Posted by: glue | July 6, 2011

Be the Polo

Playing Chora

When Peter Eisenman asked Jacques Derrida for a design idea (to be constructed as a folly in the Paris Parc de la Villette), Derrida proposed chora.  Chora alludes to trace, and we are approaching it now through the phenomenon of game, as part of the heuretics of avatar.  The function of avatar is consultation, and our purpose is to design an Internet practice bringing to bear contemporary wisdom on individual and collective decision making (electrate prudence). The method is grammatological, discovering first what tradition knows about image metaphysics.

We noted previously that a relay for understanding and experiencing how chora functions as measure to organize region as activity is to observe or (better) to participate in any game of stick-ball.  The historical prototype is polo, invented in Ancient Persia.  The sacred dimension of this game as ritual provided an allegory of life:  you are the ball, the club is chance, the goal is destiny, god is the player (not you, you are not the player but the object in play).  The word “polo” means “ball,” derived from Tibetan “pulu.” This allegory was made most explicit (in Paul Huson’s account) in The Ball and the Polo Stick, a fifteenth-century Sufi account, by Arifi of Herat, of ecstatic, self-sacrificing love.  Huson notes that the allegory is invoked also in the Rubaiyat of Omar Khayyam (eleventh-century Sufi poet and astronomer) to figure human helplessness before god.

The added value in our context is that the emblems representing the four elements making possible polo play  (ball, stick, hole or goal, and stroke) are the historical basis for the four suits of playing cards, most importantly the four suits of the minor arcana of the Tarot (pentacles, wands, cups, swords).  Tarot (along with the I Ching) is a major precursor for the Ka-Ching (electrate wisdom game) by means of which one encounters avatar.  Ka-Ching is a search engine not for information, but for wisdom.  The task is secularization and updating of these traditional image metaphysics, to do for electrate civilization what the oracles did for pre-modern cultures.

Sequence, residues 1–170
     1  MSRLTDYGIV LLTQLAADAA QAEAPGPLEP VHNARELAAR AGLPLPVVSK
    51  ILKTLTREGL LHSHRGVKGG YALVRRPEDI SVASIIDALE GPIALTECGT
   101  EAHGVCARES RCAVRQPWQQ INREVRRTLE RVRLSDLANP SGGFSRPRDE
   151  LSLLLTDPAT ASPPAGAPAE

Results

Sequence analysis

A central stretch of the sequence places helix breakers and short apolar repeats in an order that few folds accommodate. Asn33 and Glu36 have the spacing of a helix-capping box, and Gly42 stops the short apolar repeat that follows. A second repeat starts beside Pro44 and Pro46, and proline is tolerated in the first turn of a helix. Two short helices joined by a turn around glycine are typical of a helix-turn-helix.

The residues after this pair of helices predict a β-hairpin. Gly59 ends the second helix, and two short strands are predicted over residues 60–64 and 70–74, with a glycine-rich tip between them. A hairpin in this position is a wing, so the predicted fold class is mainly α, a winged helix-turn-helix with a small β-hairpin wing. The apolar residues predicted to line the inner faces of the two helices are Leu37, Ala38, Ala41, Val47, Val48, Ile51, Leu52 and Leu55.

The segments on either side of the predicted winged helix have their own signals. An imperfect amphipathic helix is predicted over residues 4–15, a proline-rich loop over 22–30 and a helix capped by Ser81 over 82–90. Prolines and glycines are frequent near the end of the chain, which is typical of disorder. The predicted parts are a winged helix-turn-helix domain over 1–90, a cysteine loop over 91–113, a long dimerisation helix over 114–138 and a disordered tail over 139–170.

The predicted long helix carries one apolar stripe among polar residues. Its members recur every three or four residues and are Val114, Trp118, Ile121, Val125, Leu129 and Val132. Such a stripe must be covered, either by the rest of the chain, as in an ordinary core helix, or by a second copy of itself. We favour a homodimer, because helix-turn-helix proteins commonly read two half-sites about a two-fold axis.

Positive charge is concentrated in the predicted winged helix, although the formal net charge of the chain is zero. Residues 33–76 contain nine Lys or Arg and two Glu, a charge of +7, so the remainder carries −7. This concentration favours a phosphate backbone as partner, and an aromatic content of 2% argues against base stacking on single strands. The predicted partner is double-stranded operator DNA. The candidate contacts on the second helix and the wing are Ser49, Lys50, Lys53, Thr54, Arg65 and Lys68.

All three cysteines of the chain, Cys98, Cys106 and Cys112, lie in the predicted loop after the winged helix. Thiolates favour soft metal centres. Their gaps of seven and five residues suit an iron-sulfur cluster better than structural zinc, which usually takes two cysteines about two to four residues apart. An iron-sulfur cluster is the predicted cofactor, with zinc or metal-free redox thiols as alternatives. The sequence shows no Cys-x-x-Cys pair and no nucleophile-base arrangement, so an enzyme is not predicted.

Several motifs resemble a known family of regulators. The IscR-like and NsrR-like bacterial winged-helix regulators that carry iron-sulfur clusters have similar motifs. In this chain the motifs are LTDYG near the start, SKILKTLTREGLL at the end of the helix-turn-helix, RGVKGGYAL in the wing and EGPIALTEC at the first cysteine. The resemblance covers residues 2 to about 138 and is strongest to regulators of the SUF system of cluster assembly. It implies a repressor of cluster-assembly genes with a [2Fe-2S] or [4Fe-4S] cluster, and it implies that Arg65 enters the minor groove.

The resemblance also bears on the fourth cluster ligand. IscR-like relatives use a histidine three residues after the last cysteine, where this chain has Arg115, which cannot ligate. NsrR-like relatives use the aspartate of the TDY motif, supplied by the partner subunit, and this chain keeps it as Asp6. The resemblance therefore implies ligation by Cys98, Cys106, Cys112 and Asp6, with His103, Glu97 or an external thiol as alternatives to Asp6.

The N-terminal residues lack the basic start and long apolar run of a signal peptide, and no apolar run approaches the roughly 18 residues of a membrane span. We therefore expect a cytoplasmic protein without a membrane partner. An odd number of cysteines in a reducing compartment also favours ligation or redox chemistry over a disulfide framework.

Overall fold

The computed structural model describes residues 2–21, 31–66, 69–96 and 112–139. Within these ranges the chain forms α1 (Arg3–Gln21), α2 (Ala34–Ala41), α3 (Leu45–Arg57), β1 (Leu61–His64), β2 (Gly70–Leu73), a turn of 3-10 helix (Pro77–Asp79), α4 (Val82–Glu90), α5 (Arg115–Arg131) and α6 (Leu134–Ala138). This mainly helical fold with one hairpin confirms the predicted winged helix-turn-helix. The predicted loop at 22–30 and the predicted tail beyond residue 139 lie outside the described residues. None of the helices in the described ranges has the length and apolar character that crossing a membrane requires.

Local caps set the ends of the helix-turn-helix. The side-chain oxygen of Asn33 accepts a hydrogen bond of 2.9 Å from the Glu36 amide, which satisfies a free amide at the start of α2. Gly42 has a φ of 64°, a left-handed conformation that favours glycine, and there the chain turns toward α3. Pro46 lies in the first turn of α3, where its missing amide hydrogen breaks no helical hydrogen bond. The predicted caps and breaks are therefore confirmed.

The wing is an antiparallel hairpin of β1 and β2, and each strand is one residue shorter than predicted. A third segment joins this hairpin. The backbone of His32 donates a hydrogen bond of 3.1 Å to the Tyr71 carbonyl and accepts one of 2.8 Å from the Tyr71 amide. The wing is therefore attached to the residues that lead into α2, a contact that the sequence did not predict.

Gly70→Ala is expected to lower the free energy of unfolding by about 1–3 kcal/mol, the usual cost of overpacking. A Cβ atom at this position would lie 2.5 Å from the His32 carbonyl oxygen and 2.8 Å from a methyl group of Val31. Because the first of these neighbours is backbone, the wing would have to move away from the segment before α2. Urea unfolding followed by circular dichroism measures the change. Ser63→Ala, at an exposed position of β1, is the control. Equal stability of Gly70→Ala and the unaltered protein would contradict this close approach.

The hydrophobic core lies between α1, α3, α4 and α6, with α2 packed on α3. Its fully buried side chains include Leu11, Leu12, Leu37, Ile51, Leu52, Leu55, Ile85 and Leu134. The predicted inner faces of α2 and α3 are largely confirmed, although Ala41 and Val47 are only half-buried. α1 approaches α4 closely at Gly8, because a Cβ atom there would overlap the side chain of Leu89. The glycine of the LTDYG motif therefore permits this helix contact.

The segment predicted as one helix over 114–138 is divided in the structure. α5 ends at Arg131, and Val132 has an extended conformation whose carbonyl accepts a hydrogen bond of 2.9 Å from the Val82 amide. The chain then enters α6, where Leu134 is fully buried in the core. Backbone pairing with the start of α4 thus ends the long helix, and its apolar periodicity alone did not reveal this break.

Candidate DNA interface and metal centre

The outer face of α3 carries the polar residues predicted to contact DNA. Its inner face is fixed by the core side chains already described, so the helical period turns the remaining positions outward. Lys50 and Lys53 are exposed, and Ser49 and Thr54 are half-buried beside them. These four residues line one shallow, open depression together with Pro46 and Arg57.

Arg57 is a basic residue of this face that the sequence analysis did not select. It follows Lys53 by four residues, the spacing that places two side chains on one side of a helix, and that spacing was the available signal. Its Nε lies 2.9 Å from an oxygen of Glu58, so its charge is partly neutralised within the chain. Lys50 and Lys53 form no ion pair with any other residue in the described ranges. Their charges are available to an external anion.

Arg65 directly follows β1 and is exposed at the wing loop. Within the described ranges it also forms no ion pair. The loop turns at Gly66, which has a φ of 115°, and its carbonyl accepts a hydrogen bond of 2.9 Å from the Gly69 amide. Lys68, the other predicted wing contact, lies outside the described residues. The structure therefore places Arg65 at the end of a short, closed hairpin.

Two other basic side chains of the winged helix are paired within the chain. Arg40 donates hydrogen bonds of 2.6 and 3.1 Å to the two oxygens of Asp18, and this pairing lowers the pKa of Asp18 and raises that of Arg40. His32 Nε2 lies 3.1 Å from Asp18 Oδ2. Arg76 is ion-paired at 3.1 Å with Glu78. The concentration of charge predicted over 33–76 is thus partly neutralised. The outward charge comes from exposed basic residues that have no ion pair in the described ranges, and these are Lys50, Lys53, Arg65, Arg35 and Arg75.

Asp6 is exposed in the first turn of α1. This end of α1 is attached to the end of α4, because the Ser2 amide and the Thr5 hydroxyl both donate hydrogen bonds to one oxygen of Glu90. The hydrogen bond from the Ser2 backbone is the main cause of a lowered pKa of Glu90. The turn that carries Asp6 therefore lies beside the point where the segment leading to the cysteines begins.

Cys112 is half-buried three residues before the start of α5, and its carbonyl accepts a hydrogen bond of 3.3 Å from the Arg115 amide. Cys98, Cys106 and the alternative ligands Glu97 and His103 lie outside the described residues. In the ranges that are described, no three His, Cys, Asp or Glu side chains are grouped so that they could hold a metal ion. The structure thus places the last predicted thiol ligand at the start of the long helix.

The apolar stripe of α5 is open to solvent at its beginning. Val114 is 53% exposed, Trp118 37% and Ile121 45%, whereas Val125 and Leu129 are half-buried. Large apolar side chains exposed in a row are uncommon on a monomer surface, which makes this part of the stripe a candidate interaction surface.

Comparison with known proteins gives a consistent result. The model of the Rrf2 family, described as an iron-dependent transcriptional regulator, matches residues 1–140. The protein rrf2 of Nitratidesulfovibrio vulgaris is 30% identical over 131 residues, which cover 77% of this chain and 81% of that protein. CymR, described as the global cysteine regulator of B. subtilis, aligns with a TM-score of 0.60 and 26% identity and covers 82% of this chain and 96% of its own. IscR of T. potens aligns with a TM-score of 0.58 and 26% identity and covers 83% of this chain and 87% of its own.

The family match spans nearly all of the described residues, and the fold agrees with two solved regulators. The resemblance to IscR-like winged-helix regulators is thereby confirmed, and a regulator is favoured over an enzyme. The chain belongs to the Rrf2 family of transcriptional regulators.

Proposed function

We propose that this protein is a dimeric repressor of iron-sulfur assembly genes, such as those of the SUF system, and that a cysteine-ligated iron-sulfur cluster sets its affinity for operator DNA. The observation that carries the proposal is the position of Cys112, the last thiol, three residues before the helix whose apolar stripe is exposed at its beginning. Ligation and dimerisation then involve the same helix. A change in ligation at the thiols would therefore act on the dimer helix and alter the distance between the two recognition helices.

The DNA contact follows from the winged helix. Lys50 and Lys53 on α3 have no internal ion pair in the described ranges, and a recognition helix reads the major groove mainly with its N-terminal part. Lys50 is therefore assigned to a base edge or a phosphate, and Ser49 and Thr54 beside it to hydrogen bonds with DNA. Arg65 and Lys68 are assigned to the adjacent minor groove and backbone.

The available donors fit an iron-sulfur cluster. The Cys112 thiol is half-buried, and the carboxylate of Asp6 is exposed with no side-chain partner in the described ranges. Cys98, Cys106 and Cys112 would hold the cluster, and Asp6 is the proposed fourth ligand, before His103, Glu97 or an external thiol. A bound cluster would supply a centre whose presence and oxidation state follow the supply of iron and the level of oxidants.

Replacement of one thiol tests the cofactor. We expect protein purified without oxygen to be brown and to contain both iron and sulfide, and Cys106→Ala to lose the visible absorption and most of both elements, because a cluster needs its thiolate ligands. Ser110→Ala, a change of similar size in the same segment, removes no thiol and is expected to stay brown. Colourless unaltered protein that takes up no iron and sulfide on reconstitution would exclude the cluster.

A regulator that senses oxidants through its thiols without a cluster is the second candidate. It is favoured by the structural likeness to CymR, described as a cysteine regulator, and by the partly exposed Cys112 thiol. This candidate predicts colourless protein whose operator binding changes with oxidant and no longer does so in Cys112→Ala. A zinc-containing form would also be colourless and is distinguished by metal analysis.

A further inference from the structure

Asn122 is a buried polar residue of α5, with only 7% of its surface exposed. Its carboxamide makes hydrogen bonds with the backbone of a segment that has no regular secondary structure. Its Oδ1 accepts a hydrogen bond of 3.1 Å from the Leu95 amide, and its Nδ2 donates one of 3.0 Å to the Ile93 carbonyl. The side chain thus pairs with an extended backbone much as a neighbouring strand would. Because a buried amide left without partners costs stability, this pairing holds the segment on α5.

[See Paul Huson, Mystical Origins of the Tarot]

(This context made me think of Bobby Bare’s “Drop Kick Me Jesus Through the Goalposts of Life”).

Posted by: glue | July 1, 2011

Playing the Gap

Chora (Measure)

The Real is immanent.  It neither conceals or reveals but intimates.  It (Es) is t/here in everything we do.  We celebrate fundamental ontology every day. We live it without (necessity of) knowing.  It is given There is (es gibt, il y a) a hole, primordial gap.  Is the gap chaos brought into order, or a clearing opened in plenitude?  Both and neither, or rather a dynamic breathing, rhythm (ruthmos).  Chora names this dynamic disclosive withdrawal, whose organizing virtue is experienced in one of its purest forms in any sport involving the configuration of hole, ball, pole, strike (stroke, throw, gesture).  The strike zone in baseball is prototypical, manifesting the templum marked in air, in imagination, around it appearing the region of the game entire, field drawn out as choros (the dance floor at Knossos designed by Daedalus), the rules and the umpire adjudicating the event, the players, fans, the institution, the way of life ramifying out into culture and society.

Posted by: glue | June 22, 2011

Empathy

The Turn